N = 46,695

Index equivalent daily dose

Low (≤25 mg)

N = 16,563

Medium (>25–74 mg)

N = 14,266

High (>74 mg)

N = 15,866

Aripiprazole

184 (0.4 %)

25 (0.2 %)

110 (0.8 %)

49 (0.3 %)

Chlorpromazine

114 (0.2 %)

31 (0.2 %)

24 (0.2 %)

59 (0.4 %)

Haloperidol

2581 (5.5 %)

104 (0.6 %)

746 (5.2 %)

1731 (10.9 %)

Loxapine

107 (0.2 %)

12 (0.1 %)

29 (0.2 %)

66 (0.4 %)

Methotrimeprazine

328 (0.7 %)

109 (0.7 %)

104 (0.7 %)

115 (0.7 %)

Olanzapine

4937 (10.6 %)

58 (0.4 %)

349 (2.4 %)

4530 (28.6 %)

Quetiapine

18,902 (40.5 %)

10,922 (65.9 %)

6156 (43.2 %)

1824 (11.5 %)

Risperidone

16,023 (34.3 %)

5246 (31.7 %)

6297 (44.1 %)

4480 (28.2 %)

Other antipsychotic

1647 (3.5 %)

54 (0.3 %)

352 (2.5 %)

1241 (7.8 %)

More than one antipsychotic

1872 (4.0 %)

≤5

96–100

1771 (11.2 %)

3.2 Primary Analyses

Of the 46,695 elderly patients with dementia who newly initiated antipsychotic therapy, 24.4 % discontinued therapy after 6 months and 35.1 % discontinued therapy after 1 year. By the end of the 2-year study period, 49.1 % of patients in the cohort had discontinued antipsychotic therapy. Furthermore, we observed that 18.4 % of patients had died by the end of the study. The results from the competing risk analysis are shown in Fig. 1.
Fig. 1

Proportion of cohort (N = 46,695) of elderly dementia patients newly initiated on antipsychotic treatment that discontinued treatment or died during the 2-year study period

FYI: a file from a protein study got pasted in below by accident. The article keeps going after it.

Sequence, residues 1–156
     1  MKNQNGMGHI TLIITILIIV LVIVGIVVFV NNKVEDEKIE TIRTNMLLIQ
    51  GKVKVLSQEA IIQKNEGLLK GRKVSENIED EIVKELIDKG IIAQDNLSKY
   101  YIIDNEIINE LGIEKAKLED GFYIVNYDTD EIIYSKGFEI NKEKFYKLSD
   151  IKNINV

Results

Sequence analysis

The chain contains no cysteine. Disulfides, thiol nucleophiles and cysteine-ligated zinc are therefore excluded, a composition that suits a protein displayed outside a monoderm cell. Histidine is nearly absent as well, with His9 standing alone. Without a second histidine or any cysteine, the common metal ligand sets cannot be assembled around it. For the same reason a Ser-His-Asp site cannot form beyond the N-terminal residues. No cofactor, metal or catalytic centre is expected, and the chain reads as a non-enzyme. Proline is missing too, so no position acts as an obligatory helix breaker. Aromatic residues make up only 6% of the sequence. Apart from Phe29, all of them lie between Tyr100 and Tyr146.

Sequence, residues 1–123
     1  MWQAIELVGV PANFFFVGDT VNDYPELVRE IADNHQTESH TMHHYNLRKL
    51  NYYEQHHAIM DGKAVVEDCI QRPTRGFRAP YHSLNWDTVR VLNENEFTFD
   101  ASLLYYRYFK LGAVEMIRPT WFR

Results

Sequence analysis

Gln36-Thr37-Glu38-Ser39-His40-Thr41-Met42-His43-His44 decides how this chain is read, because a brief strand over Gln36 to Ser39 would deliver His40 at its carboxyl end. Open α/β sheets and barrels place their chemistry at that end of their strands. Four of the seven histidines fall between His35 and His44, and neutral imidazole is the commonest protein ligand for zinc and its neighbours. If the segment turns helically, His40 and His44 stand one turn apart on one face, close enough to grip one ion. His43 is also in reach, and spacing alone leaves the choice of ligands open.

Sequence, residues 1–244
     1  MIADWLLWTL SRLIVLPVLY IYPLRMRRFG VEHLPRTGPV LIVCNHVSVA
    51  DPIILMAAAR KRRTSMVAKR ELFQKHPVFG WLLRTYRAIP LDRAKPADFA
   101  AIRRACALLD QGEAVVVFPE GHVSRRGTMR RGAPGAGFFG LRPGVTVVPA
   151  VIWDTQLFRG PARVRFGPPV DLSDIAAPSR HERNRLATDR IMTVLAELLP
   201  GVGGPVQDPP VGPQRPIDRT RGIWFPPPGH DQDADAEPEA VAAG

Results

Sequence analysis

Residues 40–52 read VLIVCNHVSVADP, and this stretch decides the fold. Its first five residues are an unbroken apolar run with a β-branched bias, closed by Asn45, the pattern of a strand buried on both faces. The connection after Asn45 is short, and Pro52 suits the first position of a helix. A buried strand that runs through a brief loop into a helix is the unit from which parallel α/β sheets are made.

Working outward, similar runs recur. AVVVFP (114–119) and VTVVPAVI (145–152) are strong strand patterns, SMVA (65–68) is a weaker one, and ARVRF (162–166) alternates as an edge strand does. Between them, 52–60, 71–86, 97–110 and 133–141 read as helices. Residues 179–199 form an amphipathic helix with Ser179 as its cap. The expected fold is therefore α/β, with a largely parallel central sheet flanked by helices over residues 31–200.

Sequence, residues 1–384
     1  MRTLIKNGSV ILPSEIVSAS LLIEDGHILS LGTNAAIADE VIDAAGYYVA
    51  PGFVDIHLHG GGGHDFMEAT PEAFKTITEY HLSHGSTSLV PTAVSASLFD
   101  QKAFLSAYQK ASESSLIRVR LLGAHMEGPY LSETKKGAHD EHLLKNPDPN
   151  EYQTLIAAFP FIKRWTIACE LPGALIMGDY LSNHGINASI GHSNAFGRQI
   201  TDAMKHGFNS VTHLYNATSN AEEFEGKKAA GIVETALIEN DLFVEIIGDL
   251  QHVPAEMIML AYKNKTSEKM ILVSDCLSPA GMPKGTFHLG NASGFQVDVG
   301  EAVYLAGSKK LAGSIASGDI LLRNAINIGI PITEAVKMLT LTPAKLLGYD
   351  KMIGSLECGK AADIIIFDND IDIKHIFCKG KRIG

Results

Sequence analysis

When we stratified by the initial dose, we found that after a 1-year follow-up, 32.3 % of low-dose patients, 34.1 % of medium-dose patients, and 39.0 % of high-dose patients had discontinued antipsychotic therapy. Similarly, by the end of the study period, 47.5 % of low-dose patients, 48.7 % of medium-dose patients, and 51.1 % of high-dose patients had discontinued antipsychotic therapy, while 17.0 % of low-dose patients, 17.6 % of medium-dose patients, and 20.7 % of high-dose patients had died (Fig. 2). The difference in time to discontinuation across the dose levels was found to be significant in our primary analysis (p < 0.0001). In our sensitivity analysis using the stricter definition of continuous use, the results were consistent (p < 0.0001). The mean duration of follow-up for all individuals in the cohort was 393 days [standard deviation (SD) 273 days] .The mean duration of antipsychotic use among those starting on a low dose was 258 days (SD 203 days), compared with 246 days (SD 200 days) and 213 days (SD 193 days) among those initiating medium- and high-dose therapy, respectively.